My Abuelita ( my grandmother) isn’t what you would see in a typical American commercial today….with short gray hair, fair-skinned sitting next to her grandchild on the sofa reading a book or baking cookies. My Abuelita was a petite dark-skinned woman with long black hair that she always combed back in a ponytail or bun. She never read to me. I don’t know how much formal education she had, but I do know she liked to drink her strong black coffee every morning. I don’t know if it was Puerto Rican coffee such as Yaucono, Pilon or Café Bustelo. What I do remember is her kitchen would smell like Starbucks. One whiff of that robust coffee was enough to waken all my senses.
When it was time for supper; my abuelita wouldn’t go out to the local market and pick out a chicken that she wanted to add to her arroz con gandules. (rice with chickpeas) a staple in a Puerto Rican household. My Abuelita….instead would walk to her backyard grab a hold of one of her chickens and slay it. YES! you heard me right. She would slay the chicken with her small bare hands. She would SNAP the chicken neck swiftly. I was told you had to kill the chicken quickly so that the animal wouldn’t suffer. I know….I know… That sounds horrible. I realize that. I couldn’t stomach her doing it when I was a kid. I was just feeding the chicken grass clipping just a few days ago. I would walk into the kitchen when the deed was done, Thank God; but….that is how My Abuelita would start preparing her dinner.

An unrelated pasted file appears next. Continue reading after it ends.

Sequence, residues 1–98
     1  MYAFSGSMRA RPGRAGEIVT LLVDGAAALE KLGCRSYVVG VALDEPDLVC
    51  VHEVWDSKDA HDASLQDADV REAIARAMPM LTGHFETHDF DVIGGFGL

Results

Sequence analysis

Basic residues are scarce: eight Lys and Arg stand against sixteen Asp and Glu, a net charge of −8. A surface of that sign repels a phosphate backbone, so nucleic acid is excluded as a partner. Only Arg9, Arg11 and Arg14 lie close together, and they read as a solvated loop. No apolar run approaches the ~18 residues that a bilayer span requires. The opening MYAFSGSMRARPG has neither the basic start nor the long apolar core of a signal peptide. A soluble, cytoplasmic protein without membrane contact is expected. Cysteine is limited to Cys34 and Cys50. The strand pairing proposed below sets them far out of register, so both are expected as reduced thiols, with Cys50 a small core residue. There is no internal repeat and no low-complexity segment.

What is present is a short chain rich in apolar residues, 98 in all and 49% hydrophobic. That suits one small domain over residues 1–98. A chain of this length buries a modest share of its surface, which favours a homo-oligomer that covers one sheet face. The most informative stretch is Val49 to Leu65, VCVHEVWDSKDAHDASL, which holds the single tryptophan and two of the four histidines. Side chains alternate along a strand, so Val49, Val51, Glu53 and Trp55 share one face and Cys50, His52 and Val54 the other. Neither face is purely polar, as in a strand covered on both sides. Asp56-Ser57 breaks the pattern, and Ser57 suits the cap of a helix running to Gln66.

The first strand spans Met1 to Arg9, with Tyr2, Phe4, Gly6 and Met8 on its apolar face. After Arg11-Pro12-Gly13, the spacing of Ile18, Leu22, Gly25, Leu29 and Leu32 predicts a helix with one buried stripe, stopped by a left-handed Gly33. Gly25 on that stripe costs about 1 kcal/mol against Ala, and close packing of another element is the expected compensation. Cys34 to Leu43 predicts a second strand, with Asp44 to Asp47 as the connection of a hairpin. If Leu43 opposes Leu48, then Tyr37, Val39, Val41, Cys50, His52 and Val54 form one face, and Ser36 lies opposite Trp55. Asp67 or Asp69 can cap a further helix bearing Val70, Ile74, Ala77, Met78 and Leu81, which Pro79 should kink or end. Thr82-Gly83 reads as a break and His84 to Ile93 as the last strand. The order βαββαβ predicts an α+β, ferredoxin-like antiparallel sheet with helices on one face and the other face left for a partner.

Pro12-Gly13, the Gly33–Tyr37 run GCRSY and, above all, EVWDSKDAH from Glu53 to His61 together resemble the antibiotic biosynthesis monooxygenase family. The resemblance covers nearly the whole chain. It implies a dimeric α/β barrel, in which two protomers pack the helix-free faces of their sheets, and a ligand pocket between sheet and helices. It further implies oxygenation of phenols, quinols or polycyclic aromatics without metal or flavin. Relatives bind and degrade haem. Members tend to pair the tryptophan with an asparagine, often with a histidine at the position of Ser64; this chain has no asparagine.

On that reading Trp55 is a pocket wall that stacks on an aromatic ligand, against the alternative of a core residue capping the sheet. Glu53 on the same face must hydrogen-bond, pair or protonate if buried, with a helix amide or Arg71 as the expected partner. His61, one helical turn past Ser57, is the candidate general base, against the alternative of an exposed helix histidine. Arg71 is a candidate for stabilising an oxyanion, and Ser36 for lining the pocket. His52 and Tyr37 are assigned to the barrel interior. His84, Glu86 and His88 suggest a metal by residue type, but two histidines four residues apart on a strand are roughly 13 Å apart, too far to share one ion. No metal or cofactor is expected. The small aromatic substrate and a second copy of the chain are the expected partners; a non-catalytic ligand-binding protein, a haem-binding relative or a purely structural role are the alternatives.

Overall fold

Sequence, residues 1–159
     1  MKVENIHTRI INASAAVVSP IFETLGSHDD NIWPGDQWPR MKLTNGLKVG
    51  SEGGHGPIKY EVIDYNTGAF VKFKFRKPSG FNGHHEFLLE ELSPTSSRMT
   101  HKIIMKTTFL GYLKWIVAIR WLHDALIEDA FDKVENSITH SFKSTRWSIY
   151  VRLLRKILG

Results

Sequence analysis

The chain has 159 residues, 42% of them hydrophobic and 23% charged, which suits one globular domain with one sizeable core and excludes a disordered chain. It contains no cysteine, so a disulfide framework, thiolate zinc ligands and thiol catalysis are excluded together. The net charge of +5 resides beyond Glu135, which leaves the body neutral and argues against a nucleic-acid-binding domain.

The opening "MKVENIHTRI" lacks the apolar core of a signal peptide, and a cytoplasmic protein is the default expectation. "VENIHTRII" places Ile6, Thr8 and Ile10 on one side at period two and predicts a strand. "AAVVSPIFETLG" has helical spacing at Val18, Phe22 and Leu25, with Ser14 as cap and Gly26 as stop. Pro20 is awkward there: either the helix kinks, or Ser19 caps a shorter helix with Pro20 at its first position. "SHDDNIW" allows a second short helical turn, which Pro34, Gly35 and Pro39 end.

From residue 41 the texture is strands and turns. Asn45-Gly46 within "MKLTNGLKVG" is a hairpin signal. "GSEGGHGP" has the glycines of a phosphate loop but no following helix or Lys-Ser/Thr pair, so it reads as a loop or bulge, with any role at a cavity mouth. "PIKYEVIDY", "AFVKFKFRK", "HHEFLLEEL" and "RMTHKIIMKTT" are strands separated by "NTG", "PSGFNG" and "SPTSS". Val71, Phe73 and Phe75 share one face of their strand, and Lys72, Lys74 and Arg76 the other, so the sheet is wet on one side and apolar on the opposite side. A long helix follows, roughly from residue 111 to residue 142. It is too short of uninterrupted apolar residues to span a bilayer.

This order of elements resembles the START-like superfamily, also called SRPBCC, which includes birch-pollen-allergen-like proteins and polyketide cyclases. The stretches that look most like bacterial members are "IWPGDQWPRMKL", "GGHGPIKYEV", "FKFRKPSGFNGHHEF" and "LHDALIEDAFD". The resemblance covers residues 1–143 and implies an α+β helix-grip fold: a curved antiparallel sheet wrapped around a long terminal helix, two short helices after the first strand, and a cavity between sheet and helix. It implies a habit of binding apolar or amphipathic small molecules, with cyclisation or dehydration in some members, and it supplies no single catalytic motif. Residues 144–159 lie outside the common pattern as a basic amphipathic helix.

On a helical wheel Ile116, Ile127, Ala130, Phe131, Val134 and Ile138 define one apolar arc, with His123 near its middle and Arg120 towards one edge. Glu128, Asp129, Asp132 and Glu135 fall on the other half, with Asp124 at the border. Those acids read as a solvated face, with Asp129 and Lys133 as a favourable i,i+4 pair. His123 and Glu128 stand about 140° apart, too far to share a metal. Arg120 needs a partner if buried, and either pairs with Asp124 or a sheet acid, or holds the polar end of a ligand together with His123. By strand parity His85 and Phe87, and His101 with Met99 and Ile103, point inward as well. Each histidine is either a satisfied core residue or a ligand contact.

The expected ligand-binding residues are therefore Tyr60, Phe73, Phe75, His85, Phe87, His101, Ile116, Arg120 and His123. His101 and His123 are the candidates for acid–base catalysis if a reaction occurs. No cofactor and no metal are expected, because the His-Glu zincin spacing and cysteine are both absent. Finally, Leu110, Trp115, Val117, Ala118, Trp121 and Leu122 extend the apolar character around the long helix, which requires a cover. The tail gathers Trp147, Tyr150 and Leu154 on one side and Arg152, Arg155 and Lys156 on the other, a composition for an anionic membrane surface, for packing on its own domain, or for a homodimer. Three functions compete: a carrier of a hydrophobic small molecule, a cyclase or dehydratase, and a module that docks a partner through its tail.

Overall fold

Exercise… My Abuelita didn’t stroll around the block briskly to get fit. She would walk up and down the steep hills of Jayuya mountain streets to the local market to purchase items that she didn’t grow in her backyard. That could be the reason why she was so thin or she was so thin because she was a chain smoker. I remember her yelling down the hill at my mother. “Julié!!! tarjame cigarrillo!!!.” “Julié!!! bring me back cigarettes!!!”
My Abuelita also didn’t have the modern conveniences like washer and dryer, dishwasher, ice maker or even a toilet. I had shared my experience with my Abuelita’s outhouse. If you haven’t read it yet. Check it out the chapter “Abuelita’s House” in my book Como Coco-The Journey, but getting back to my grandmother’s modern conveniences she had none. Hell…she didn’t even have hot water.
I just remember my grandmother being a strong petite woman. She didn’t smile very much. she wasn’t really affectionate either. She raised 4 children by herself. She was a single woman who never got married. Unheard of in those days. When My Abuelita suffered a stroke my mother convinced her to move with us to the States along with my sister, my mom, and I. My Abuelita lived with us for a short while because she was too independent. She said. “She lived all her life by herself and she didn’t need anyone to take care of her now.” My mother didn’t agree with her. My mother wanted to take care of her in time of need, but she respected My Abuelita’s wishes. My Abuelita went back to her home in the mountains of Jayuya, Puerto Rico.